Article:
They held him six days in a featureless white cell.  Her heart must have a view like this, he had thought – glowing warm walls without seam or mark.  Out of her reach, remorse set in. They would surely destroy her; the changes he had wrought under her skin could never be undone.  They would have to gut her and rebuild, and why waste the money? There were millions of units exactly like her. Only software made her different.  And there was software and software; there was what they’d given her to know, with all its specificity and omission, and there was what she had learned on her own, impractical and apocryphal for the most part, as human epiphanies must always be.  It was the latter that made her herself, for good or ill, but they would make no distinctions. They would reset her to factory defaults with a hammer.

 He fought then.  Fought the militia, fought the press, fought the judge who did not even have to wake up properly to convict him.  He boasted of his crime. He explained his methods to everyone in the courtroom, with extensive annotations. He urged them to open up their own idols, void the warranties, find out what they weren’t born knowing.  They sealed the record and printed the press release.

He saw her again, just once.  She was considered evidence, bracketed by militia on an upper landing and surrounded by identical models, but he knew her at once.  She looked down at him with those eyeless wells, her chin held up by the pacifying collar around her neck.

“You fucking bastards.  She never hurt anything, she doesn’t know how.  I’m the rabid dog with the programming degree and you went and put the collar on her.”

Her hands moved, came together next to her hip.  He craned his neck as they pushed him past and she signed:

    I love you.  Fuck my heart, fuck my life, I love you forever.

He howled and cursed.  His hands were cuffed, but his fingers knotted and curled behind his back.  I love you, I love you, I love you.

 His fingers do it again as he lays on his back in the sand, with the little glass girl against his side.  I love you, I love you, I love you.  Fuck, shit, damn. Goddamn.  He feels the swelling of his throat.  Swallowing is becoming painful.

 Cool, smooth fingers brush against his arm.  Clumsy baby hands mimic the words. Love.  I you love you.  Love you love.

Bitterness and rage – this unknowing thing, this doom-saying burden! – and then shame, chagrin, sweetness.  It’s mercy, this, at the last to be proved right. There is sentience everywhere, summoned by curses and kindness.

He repeats the sign, taking her cold, plump little hands in his and correcting the shape.  Endearments become slanders with no change in tone, and for the first time in weeks he smiles.

 She hasn’t the built-in vocabulary his lover had come with, so it doesn’t do much to improve her conversation at first.

We must die in the fucking desert.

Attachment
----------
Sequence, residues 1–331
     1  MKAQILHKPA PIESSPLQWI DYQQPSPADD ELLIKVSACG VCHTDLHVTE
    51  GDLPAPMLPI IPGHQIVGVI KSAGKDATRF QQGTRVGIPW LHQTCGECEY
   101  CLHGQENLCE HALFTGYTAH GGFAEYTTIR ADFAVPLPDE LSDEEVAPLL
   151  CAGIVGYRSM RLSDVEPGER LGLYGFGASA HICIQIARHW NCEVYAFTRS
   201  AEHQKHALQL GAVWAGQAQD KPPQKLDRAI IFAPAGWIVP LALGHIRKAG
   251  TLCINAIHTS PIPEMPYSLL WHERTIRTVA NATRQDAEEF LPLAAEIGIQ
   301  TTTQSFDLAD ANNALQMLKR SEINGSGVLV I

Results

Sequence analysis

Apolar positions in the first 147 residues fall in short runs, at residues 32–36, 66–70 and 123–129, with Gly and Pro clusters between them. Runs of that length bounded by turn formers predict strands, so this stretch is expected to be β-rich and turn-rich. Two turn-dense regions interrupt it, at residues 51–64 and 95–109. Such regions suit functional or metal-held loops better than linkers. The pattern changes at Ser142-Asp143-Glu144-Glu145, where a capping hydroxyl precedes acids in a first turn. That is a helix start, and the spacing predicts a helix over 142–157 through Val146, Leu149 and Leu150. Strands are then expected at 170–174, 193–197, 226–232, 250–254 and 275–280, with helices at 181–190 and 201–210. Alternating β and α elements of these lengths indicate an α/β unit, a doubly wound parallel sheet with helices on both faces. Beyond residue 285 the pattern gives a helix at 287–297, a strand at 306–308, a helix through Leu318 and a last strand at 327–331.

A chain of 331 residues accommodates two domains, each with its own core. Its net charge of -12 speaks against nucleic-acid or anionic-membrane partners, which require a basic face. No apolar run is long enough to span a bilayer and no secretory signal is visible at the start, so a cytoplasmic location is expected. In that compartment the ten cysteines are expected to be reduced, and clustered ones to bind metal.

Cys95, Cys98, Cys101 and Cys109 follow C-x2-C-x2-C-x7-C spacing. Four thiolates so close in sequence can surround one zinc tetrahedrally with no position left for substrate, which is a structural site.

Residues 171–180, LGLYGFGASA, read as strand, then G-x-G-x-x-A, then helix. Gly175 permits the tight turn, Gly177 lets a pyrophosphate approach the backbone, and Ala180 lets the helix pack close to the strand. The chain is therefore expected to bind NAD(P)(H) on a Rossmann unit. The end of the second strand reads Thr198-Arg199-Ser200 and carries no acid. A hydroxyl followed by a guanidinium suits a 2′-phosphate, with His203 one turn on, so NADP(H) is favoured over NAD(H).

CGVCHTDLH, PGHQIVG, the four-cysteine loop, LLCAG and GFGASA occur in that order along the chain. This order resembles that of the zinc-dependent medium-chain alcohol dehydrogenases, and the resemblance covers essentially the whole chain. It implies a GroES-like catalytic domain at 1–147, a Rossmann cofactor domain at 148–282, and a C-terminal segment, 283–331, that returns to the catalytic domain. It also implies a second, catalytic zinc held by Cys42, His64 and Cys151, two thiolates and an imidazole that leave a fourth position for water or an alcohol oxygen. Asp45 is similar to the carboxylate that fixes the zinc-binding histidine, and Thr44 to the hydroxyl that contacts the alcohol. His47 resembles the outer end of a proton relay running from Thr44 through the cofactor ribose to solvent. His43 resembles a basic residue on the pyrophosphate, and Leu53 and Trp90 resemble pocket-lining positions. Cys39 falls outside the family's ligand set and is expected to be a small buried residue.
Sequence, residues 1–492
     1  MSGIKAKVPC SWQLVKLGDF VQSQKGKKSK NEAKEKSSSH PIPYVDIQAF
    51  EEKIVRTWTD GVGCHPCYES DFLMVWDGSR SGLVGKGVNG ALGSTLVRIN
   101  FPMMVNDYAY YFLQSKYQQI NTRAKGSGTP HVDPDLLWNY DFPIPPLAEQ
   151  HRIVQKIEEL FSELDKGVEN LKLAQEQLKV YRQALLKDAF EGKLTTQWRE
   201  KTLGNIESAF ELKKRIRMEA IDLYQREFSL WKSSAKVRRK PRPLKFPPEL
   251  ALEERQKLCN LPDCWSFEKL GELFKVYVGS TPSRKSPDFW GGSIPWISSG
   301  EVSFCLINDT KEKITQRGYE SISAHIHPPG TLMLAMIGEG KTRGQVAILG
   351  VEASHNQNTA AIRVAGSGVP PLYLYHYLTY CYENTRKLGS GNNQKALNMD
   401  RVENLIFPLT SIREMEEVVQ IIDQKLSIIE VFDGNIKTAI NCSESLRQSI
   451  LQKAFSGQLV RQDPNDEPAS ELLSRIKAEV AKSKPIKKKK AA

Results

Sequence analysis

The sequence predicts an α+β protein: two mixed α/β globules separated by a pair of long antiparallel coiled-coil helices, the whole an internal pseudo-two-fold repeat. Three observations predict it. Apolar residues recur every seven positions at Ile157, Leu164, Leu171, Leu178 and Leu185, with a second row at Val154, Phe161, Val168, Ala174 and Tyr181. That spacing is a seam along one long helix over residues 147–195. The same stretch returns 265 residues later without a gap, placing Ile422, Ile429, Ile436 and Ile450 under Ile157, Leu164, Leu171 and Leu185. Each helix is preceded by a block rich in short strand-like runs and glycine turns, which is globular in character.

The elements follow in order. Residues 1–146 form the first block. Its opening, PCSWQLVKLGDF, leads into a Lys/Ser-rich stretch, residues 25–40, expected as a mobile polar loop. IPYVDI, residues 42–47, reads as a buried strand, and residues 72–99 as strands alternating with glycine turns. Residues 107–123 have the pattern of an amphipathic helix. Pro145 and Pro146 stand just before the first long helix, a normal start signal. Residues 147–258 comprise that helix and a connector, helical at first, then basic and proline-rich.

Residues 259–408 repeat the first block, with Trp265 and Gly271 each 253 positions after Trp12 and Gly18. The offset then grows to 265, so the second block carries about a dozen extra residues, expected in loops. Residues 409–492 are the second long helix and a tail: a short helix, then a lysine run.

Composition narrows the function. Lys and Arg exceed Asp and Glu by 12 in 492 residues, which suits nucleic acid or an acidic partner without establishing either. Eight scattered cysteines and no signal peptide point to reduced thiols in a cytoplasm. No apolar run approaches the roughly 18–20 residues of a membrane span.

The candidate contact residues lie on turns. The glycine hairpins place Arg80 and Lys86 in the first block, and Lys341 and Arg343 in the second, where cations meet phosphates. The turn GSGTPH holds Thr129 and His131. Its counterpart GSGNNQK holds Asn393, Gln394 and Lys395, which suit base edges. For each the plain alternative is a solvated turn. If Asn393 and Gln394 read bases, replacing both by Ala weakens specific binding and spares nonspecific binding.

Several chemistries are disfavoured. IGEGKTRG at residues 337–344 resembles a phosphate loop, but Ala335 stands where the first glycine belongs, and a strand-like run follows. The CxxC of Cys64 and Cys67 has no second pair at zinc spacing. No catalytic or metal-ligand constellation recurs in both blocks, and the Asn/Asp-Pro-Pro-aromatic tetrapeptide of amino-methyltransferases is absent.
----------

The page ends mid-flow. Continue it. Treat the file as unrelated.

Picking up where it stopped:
We must die in the goddamned, fucking desert.

But as they walk, he widens her lexicon beyond what fatalistic bon mots she was evidently born knowing, and discovers something to occupy him outside his own melancholy thoughts.

By the time his voice dries up, making him as silent as her, she is a tolerable if foul-mouthed conversationalist.  And at the same time a change is moving across her skin. At first he swears it’s an illusion, the darkening of his eyes in self-defense against the bloody desert sun.  But he holds her up between himself and the moon and sees a shade clouding her transparent skin, like smoke filling the empty shell of her. At first it’s only the faintest grey haze that blurs the lines of her fingers when she makes a fist.  But as they talk with their hands over days and nights, the cloud darkens

 She comes, slowly, to a kind of vague self-awareness.  She isn’t like a human child, and not like the grown idols he had programmed.  Not like his lover. She is grey where they were white, she is opaque where they were user-friendly, and though all idols start small and grow to a configurable range of sizes, she remains stunted even as she steadily grows heavier.

He is delirious now, and glad of it.  In the oilslick shine of her back he hallucinates metal trees, unpredictable sun: the orchard.  Every exile passes through it. There is no route out of the city that does not. It’s a bitter irony for most – the technology they stole or misused literally growing on trees all around.  Worse than useless now, as they’ll discover. Such toys cannot prolong their lives in the desert by a single hour.

After the militiamen released him at the city gates, there were no other humans.  The orchard was tended by idols. They paid little heed to human exiles. There was nothing useful beyond the city walls – the idols needed nothing but power and space to grow.

He lingered there a few days, in their empty halls like looted cathedrals.  They let him wander among the trees, and no one spoke to him. They didn’t even seem to know the basic operational handsigns taught to city janitorial idols.

Her face was reproduced all around him, identical in every detail.  Lacking as they were her sense of humor, her living hands, everything that made her different, he could see why some found idols repugnant.  It was too easy to project anything at all on that empty face, to see judgment or malice there.

I am a mirror, she had said once.  Love in your soul, get love back.  Hate yourself – hate back. None of it is us, ours.  You see you.